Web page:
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Retirement Plans

Habits of Highly Effective Fiduciary Committees

As CAPTRUST’s defined contribution practice leader, Scott Matheson works with our national network of clients, which provides him with a unique perspective on the controversial topics that can intimidate plan sponsor decision making. In this article, he shares a few observations gleaned from our work on a particular issue related to fiduciary best practices.

by Scott Matheson

As CAPTRUST’s defined contribution practice leader, I am privileged to meet with many of our plan sponsor clients. Our national network of more than 1,500 plan sponsors in too many industries to list—with plan sizes ranging from several million to several billion dollars—provides us, as a firm, with a unique perspective on what a colleague calls combustible issues. These are the complex and sometimes controversial topics that can intimidate or paralyze plan sponsor decision making. In this article, I’d like to share a few observations gleaned from our work on one particular combustible issue related to fiduciary best practices.

Before I share any observations, I will admit that our sample set is biased. It is biased by the fact that these plan sponsors all work with us, and we are not shy about giving advice that shapes what they do. It is biased also in that our clients have all hired a retirement plan advisor. Our sense is that most plan sponsors work with advisors because they understand their fiduciary duties. They recognize a need for help—and may even want to outsource key aspects of plan management.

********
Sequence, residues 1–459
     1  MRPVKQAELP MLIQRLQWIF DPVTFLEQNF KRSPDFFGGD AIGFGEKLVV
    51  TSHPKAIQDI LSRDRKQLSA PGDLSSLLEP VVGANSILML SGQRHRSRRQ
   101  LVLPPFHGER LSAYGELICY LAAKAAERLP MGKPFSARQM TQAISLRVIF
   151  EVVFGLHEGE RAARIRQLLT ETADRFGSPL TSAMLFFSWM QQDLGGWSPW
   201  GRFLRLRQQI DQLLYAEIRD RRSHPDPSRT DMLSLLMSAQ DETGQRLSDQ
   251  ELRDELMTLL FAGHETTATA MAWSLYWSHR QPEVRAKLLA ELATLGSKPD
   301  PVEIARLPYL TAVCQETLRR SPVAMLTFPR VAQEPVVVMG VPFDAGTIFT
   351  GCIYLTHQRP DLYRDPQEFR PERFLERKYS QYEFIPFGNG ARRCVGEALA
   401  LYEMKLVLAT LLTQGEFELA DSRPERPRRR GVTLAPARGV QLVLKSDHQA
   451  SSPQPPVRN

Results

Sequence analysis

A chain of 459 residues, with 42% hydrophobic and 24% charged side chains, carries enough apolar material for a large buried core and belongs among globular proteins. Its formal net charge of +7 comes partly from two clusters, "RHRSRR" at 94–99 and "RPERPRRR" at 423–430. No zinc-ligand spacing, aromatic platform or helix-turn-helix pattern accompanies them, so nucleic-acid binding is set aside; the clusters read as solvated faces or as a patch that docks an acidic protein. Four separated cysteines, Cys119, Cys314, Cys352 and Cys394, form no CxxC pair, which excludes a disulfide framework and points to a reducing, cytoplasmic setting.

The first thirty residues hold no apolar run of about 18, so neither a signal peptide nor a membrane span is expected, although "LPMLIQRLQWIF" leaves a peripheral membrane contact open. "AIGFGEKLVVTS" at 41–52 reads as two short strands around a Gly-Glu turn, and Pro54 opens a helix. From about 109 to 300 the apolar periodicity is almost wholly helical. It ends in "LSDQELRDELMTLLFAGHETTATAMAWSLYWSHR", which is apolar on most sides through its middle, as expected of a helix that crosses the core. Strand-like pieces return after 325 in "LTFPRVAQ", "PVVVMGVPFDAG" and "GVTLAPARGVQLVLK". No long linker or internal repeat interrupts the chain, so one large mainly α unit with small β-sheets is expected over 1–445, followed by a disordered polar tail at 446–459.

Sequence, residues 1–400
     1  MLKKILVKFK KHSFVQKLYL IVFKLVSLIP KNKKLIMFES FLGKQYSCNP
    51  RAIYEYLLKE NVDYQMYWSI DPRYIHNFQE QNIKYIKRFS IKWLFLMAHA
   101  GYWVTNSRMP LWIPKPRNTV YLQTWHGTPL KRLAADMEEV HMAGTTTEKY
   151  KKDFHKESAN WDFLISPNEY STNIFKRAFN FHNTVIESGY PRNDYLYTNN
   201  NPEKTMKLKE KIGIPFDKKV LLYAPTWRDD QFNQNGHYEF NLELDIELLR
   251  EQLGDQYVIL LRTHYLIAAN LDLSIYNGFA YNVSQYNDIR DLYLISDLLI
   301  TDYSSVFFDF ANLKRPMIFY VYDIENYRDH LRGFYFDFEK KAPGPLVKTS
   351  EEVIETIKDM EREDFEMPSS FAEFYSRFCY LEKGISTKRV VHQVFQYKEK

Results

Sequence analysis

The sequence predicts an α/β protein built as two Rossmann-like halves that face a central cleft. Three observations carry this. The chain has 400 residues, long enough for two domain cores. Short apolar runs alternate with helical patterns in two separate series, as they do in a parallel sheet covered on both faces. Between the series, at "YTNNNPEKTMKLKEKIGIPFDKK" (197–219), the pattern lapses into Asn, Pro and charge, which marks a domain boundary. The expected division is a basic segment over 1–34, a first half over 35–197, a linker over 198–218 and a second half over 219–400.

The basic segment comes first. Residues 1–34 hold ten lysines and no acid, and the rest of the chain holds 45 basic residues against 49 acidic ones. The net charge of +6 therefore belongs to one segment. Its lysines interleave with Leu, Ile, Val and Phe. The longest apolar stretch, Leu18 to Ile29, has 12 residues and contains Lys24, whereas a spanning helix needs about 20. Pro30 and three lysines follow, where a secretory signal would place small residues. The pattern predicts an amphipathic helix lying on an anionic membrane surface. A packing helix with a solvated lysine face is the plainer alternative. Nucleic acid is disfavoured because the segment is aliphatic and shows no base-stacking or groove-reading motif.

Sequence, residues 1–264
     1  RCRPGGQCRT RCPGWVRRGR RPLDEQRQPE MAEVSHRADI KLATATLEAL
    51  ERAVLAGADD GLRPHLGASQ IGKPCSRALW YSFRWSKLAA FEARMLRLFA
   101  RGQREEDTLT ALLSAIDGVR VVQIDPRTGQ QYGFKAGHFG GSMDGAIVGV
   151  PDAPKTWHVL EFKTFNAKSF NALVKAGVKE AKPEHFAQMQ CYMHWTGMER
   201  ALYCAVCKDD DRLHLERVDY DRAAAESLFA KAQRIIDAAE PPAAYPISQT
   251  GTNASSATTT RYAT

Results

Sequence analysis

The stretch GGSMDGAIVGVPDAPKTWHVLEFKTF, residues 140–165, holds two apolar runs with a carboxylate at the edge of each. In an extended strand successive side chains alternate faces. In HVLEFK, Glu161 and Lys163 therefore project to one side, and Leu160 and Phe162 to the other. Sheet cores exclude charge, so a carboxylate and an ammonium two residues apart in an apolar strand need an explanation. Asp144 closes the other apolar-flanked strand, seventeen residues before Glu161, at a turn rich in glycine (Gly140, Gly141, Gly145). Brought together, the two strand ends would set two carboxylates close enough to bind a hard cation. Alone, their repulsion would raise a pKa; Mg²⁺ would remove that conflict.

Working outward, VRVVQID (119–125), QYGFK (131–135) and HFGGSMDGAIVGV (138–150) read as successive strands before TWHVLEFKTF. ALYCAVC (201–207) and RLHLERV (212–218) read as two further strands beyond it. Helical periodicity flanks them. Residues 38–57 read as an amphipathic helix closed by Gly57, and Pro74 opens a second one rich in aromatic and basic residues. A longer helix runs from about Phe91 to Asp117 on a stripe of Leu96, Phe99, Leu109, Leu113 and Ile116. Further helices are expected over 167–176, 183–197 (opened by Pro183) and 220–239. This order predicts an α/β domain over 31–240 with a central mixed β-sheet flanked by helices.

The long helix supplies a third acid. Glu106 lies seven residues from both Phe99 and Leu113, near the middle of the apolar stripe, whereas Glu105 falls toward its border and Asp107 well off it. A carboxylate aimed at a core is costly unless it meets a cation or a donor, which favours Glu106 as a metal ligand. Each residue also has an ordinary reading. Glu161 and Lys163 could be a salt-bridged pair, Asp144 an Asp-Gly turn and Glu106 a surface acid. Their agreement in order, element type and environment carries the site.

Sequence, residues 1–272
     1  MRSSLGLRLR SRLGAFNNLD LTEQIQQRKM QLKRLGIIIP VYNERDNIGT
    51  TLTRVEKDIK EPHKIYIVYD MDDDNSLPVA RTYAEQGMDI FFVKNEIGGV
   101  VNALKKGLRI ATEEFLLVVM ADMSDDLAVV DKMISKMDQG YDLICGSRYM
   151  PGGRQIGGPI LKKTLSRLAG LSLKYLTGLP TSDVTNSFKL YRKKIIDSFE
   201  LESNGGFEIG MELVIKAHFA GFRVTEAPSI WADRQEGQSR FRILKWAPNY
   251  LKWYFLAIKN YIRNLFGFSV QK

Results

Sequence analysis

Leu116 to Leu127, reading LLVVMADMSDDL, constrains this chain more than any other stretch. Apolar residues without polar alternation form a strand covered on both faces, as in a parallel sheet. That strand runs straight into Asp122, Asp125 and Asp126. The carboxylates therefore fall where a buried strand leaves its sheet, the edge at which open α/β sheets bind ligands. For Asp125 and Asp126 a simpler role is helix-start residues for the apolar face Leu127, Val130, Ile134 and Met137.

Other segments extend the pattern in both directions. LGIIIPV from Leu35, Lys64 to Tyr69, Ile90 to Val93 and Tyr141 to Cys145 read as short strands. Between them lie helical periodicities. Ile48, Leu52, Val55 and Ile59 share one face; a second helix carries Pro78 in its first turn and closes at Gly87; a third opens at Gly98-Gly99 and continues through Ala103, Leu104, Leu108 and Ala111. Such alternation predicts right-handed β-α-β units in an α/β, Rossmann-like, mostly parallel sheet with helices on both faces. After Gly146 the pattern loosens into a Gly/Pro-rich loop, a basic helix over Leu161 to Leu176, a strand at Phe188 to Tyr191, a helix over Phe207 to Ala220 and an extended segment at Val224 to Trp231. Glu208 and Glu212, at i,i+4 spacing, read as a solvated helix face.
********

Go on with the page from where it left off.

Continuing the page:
The duties I’m referring to are those prescribed by the Employee Retirement Income Security Act of 1974 (ERISA). In brief, ERISA states that fiduciaries have the duty to make decisions in the best interest of participants and beneficiaries, including the duties of:

  • being prudent,
  • exercising loyalty and impartiality,
  • diversifying,
  • monitoring and supervising,
  • ensuring reasonable plan costs, and
  • avoiding prohibited transactions.

While these duties are well articulated in the law, the most effective way to fulfill them varies by plan sponsor and evolves over time. The most common fiduciary process we recommend our clients apply incorporates the following aspects:

  • Fiduciary committee—A group of employees that has been carefully selected, granted authority, and charged with the responsibility to make decisions in the best interest of plan participants;
  • Shared purpose—A common understanding of goals, roles, and responsibilities to align all parties that interact in the ongoing operation of and decision making for their retirement plan;
  • Guiding document—Usually in the form of an investment policy statement (IPS), that provides meaningful direction to these individuals, without hampering their ability to apply fiduciary judgment;
  • Ongoing oversight—A framework for monitoring ongoing plan operations in light of the governing plan documents, and;
  • Decision documentation—A process for capturing and documenting committee decisions and actions taken.

I could write countless pages on each of the five facets listed above. But the combustible issue clients ask about most often—and the one that varies most across our client base—is committee composition and plan governance. I’d like to share a collection of lessons from committees we’ve had privilege to work with over the past 26 years.

Establishing a Fiduciary Committee